The General Assembly recently appointed a task force to study the applicability of the Maryland Prevailing Wage Law. While the main focus of the task force is school construction projects, it will also look at Maryland prevailing wage laws compared to other states and the effects of prevailing wage laws on construction costs, community well-being, worker wages, income tax revenue, and state and local budgets.
The task force, appointed pursuant to HB 1098 (Ch. 402, Acts of 2013), has 13 members and is co-chaired by two members of the Maryland Senate, Senators Mac Middleton and Allan Kittleman, and two members of the Maryland House of Delegates, Delegates John Olszewski and Steve Schuh. Other members include representatives from the Public School Construction Program, the AFL-CIO, Washington DC Building and Construction Trades Council, Associated Builders and Contractors, the Maryland Association of Boards of Education, and the Maryland Association of Counties (MACo). MACo’s representative is Diane George, Finance and Procurement Director, Frederick County.
During the first meeting, task force members received an overview of the prevailing wage unit of the Department of Labor, Licensing, and Regulation; and discussed data to be collected and examined on school construction projects across the state. To ensure the data being examined is comparable, the task force has agreed to focus only on new school construction projects that have been completed over the past three years. Specifics issues being examined include:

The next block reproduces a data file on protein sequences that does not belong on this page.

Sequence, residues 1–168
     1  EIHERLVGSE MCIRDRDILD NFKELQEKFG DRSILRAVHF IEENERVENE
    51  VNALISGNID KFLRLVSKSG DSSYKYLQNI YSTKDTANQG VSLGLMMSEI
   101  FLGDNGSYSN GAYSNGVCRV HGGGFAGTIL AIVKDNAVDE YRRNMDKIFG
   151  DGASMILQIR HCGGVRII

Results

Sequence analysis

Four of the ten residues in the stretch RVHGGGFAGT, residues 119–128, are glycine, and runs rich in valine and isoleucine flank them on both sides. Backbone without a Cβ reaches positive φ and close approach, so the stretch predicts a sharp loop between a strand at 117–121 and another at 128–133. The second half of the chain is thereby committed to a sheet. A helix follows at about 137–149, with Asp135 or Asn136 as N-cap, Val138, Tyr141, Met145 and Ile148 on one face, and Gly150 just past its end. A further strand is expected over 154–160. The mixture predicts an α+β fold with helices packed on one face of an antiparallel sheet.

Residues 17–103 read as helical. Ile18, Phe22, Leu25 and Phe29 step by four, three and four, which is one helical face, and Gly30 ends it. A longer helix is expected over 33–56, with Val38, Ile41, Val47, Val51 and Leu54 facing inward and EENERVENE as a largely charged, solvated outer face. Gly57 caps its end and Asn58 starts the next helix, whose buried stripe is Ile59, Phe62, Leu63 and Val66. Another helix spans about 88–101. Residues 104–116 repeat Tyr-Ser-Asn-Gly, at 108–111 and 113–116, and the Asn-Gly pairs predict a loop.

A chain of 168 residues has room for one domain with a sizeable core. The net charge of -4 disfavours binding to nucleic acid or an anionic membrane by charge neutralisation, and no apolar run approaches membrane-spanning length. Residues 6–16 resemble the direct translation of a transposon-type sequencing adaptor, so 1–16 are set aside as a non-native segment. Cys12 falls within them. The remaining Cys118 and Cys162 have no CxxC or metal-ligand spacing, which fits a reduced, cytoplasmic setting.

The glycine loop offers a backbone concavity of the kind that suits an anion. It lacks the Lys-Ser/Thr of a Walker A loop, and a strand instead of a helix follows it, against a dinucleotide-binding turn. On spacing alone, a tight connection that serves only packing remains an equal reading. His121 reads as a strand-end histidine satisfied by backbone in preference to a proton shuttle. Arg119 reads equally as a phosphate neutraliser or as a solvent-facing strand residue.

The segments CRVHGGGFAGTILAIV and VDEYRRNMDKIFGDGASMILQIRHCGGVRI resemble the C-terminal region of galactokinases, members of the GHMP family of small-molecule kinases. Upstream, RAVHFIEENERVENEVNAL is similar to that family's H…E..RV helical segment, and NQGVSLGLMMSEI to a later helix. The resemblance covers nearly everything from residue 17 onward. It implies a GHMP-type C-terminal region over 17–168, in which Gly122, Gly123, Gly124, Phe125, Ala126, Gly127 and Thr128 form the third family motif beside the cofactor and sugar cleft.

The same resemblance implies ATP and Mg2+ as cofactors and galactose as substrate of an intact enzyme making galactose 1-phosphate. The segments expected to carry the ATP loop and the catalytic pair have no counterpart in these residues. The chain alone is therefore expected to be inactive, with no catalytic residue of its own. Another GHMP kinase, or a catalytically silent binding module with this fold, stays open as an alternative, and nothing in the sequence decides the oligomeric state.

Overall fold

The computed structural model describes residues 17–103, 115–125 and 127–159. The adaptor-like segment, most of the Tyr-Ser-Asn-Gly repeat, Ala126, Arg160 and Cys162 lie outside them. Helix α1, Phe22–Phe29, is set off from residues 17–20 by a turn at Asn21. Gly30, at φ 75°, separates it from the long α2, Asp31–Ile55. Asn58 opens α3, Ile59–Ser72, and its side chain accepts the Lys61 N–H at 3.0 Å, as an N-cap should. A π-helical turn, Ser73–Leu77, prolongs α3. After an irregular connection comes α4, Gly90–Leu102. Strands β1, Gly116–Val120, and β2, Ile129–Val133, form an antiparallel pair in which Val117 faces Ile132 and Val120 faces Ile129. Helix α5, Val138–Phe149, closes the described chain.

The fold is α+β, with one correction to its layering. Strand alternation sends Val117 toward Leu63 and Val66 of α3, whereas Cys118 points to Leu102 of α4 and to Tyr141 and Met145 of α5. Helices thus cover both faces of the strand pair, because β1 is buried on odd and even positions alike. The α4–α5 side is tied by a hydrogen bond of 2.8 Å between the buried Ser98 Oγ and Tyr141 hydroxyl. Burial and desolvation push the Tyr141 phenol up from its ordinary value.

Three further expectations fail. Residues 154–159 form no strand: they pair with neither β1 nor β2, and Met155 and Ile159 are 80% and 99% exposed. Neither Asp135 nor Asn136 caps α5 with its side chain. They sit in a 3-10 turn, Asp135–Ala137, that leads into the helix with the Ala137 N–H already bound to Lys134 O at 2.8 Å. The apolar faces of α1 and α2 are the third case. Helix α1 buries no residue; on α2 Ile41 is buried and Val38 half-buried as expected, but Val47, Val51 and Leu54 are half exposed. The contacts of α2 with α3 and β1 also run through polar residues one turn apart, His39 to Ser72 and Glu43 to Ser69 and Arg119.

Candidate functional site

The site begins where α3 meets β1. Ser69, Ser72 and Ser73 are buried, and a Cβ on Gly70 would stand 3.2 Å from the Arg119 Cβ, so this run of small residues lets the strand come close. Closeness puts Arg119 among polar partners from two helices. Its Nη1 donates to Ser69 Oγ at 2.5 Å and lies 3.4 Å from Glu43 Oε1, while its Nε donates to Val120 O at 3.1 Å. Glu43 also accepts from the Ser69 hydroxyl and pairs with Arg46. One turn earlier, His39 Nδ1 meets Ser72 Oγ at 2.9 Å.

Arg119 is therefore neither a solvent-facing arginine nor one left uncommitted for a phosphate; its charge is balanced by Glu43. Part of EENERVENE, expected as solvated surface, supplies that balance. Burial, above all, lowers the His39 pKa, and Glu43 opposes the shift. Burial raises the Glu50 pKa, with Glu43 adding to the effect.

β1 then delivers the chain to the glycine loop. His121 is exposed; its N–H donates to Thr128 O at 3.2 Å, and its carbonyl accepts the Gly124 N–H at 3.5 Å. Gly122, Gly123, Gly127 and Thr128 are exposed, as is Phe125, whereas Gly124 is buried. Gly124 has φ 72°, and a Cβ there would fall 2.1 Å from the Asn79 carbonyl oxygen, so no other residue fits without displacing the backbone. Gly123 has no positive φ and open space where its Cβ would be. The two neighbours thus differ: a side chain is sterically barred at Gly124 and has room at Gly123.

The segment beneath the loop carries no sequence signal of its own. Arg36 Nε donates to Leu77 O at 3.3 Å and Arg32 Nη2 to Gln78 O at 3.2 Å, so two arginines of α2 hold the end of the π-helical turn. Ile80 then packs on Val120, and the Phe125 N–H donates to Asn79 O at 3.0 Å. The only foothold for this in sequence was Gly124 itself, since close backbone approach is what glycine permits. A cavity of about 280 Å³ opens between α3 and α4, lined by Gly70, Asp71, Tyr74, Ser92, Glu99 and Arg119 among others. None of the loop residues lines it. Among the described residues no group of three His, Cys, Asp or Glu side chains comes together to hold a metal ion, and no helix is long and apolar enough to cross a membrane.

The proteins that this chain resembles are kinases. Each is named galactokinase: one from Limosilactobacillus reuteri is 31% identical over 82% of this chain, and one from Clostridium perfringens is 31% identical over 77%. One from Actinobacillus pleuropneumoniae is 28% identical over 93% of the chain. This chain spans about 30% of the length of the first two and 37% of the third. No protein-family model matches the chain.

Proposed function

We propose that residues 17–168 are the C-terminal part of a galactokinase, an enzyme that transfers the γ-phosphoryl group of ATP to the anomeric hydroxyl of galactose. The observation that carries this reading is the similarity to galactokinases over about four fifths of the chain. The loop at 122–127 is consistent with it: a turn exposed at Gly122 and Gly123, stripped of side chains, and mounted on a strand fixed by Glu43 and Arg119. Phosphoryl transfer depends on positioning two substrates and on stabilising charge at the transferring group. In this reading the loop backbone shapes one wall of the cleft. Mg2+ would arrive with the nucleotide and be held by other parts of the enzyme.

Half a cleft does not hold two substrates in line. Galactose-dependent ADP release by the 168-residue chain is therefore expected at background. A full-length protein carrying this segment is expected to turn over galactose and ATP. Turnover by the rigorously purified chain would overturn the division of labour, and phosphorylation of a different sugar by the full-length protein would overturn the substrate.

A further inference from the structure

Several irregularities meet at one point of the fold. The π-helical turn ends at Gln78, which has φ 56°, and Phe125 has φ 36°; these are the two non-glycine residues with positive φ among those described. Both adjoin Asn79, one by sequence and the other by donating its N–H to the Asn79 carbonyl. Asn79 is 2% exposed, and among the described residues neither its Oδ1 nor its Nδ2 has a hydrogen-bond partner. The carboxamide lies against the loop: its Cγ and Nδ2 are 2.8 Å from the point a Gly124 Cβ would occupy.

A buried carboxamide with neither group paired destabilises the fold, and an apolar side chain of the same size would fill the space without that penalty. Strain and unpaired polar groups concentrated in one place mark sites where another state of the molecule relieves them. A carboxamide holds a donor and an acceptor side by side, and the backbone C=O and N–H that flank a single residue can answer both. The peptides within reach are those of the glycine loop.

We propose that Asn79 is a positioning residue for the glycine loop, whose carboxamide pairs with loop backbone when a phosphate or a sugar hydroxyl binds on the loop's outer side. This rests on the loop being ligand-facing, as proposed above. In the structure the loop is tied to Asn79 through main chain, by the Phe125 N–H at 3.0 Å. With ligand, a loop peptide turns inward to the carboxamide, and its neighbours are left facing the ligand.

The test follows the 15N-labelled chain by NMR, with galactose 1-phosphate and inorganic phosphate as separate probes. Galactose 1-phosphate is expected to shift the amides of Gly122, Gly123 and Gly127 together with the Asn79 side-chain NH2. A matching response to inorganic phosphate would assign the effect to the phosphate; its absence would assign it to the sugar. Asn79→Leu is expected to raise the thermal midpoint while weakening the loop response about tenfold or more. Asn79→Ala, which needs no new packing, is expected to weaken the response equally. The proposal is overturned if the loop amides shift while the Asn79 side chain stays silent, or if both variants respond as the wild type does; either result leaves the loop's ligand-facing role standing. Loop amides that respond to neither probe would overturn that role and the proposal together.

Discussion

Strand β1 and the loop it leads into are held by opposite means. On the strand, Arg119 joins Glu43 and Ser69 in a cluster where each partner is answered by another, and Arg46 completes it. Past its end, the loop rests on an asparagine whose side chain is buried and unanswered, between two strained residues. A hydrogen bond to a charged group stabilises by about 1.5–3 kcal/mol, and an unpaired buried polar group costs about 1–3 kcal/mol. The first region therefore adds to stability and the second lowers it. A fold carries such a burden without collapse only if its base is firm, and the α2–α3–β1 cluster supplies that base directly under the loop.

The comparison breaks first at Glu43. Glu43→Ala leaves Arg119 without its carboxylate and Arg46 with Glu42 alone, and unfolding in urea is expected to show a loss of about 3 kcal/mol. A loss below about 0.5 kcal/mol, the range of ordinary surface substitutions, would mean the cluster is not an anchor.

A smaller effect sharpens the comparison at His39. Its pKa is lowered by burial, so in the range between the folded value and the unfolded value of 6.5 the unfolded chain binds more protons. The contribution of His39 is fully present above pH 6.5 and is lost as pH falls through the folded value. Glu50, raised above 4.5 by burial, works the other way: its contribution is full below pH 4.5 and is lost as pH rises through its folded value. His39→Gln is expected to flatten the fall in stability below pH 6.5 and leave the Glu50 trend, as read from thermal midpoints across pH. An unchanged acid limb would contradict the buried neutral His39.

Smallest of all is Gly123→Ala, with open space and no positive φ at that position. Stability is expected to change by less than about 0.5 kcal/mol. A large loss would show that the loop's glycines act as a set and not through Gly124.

1) examine the current Prevailing Wage Law and how it applies to school construction projects, including:
(i)the current process as it relates to the Interagency Committee on School Construction procedures;
(ii)the determination of whether a project is bid as a prevailingwage or nonprevailing wage project;
(iii)how the current prevailing wage thresholds apply and affect bids for school construction projects; and
(iv)whether there are differences in the application of the Prevailing Wage Law based on project size and cost;
(2)analyze and examine school construction contracts bid as prevailing wage and nonprevailing wage contracts to determine the effect the following requirements may have on contract costs, including:
(i)overhead costs associated with complying with the Prevailing Wage Law;
(ii)other related contractor overhead costs that may apply;
(iii)fringe benefits provided to workers;
(v)reporting requirements; and
(vi)union requirements that may affect staffing levels;
(3)analyze and examine prevailing wage and nonprevailing wage construction projects through the duration of the project to determine if project quality varies by contract type, accounting for the following:
(i)local school system-driven modifications;
(ii)unforeseen condition modifications; and
The Task Force is required by law to report its findings and recommendations by December 31, 2013.
As introduced, HB 1098 would have lowered the State funding threshold for which prevailing wage would apply to a local public work project from 50 to 25%.As amended by the House, HB 1098 would have require prevailing wage rates to be paid for a local project receiving any amount of State funds. MACo opposed the bill in this posture stating that this “one size fits all” approach would significantly undermine a local government’s ability to fund and manage its capital budget. MACo then worked on amendments with the Senate Finance Committee to establish the task force and dropped its opposition to the bill.